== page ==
Crypto hacking remains a serious problem

Written by Kapronasia || February 20 2024

With the crypto bear market receding and the possible return to a bull market, it is interesting to note that the amount stolen from crypto exchanges fell in 2023. However, the overall number of digital asset hacks still grew. Maybe it was the belief that the bear market would endure that partially deterred the cybercriminals? Probably not. As it turns out, the main reason that less crypto was stolen last year was that digital asset platforms are becoming more sophisticated in their security and responses to attacks, and are working more successfully with law enforcement than in the past.

Data from blockchain research firm Chainalysis show that in 2023, funds stolen fell by roughly 54.3% to $1.7 billion – though the total number of individual hacking incidents still grew from 219 in 2022 to 231 in 2023. Given that 2022 was the largest year ever for crypto theft with $3.7 billion stolen, it would appear that there are reasons for optimism about the situation.

Hacks of DeFi protocols were largely responsible for the surge in pilfered digital assets that occurred in 2021 and 2022. Cybercriminals stole more than $3.1 billion in DeFi hacks in 2022, but just $1.1 billion from DeFi protocols in 2023. Chainalysis found that the DeFi vulnerabilities hackers exploited in 2021-22 may have derived from protocol operators focusing too much on growth (can you imagine that?) and insufficiently on the implementation and maintenance of strong security systems. Specifically, there are vulnerabilities linked to insufficient auditing of smart contract design and private keys being compromised.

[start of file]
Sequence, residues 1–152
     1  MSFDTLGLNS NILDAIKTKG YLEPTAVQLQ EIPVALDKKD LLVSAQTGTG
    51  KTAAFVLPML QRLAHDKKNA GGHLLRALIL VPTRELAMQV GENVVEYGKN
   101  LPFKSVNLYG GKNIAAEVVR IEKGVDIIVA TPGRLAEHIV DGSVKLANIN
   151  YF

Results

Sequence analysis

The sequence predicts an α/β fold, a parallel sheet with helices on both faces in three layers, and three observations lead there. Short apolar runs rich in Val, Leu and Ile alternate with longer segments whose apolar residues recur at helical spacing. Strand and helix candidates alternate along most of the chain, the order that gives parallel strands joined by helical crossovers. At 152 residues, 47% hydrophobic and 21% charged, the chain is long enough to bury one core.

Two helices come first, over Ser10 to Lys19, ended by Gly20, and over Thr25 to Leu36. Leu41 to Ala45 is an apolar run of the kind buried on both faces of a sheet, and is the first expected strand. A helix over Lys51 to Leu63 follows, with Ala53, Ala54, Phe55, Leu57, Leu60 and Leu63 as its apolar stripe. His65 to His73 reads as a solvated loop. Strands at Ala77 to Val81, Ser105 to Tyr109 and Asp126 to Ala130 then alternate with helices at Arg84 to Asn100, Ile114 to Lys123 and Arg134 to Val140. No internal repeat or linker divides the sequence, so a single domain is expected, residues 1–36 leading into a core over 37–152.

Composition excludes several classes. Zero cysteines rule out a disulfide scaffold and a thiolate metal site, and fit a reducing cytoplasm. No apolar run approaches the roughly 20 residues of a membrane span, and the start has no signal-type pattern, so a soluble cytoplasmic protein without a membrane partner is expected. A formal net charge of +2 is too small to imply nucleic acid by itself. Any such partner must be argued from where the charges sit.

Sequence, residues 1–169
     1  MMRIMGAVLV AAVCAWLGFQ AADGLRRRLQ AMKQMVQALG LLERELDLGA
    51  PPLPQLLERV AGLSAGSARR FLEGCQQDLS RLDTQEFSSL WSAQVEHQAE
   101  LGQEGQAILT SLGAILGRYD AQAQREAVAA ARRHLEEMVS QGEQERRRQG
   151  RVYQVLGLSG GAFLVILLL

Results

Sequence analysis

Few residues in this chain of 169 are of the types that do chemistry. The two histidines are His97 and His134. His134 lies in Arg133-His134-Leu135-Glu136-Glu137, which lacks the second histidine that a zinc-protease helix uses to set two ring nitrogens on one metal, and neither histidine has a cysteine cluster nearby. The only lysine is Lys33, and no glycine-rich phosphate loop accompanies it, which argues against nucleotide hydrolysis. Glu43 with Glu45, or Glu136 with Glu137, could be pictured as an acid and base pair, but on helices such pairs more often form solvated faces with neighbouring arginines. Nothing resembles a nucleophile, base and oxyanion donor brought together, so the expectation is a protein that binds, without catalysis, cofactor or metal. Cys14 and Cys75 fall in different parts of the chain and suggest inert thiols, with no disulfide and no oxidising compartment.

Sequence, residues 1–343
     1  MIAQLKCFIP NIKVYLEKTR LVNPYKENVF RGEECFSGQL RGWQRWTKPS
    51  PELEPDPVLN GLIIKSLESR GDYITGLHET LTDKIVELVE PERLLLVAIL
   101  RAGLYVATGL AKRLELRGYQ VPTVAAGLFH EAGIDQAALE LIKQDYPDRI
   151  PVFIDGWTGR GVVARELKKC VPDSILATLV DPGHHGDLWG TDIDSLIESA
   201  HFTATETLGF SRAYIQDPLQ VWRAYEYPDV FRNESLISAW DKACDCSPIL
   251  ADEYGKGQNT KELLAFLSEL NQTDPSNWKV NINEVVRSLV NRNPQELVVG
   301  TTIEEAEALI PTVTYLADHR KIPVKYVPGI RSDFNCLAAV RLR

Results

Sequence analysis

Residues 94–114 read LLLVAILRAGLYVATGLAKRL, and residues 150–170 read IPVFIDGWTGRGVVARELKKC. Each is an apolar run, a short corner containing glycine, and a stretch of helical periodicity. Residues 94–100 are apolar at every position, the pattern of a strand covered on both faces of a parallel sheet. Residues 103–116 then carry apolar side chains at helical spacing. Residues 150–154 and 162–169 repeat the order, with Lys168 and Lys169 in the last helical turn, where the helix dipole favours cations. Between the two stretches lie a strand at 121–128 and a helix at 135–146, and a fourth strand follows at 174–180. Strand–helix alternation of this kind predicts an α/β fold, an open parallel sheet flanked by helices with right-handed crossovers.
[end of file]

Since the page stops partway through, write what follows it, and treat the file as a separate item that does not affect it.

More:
Meanwhile, the world’s most notorious crypto hacking state, North Korea, committed more hacking crimes than ever in 2023 – a 20 – but stole less (US$1 billion) than its all-time high of US$1.7 billion in 2022. Chainalysis’s data show that North Korea-linked hackers stole about US$428.8 million from DeFi platforms in 2023, US$330 million from exchanges, US$150 million from targeted centralized services and US$127 million from wallet providers.

We expect that Pyongyang will redouble its efforts to pilfer crypto this year given high tensions with both South Korea and the United States. North Korea is believed to use stolen crypto to fund its secretive and illicit nuclear weapons program, as well as its conventional weapons. While some analysts have speculated that the DPRK’s unusually belligerent rhetoric of late signals its intention to spark a confrontation with the South or U.S., we reckon the regime is feeling the pinch of harsh sanctions and its own governance problems – and is keen to extract concessions from its adversaries with tough talk and posturing.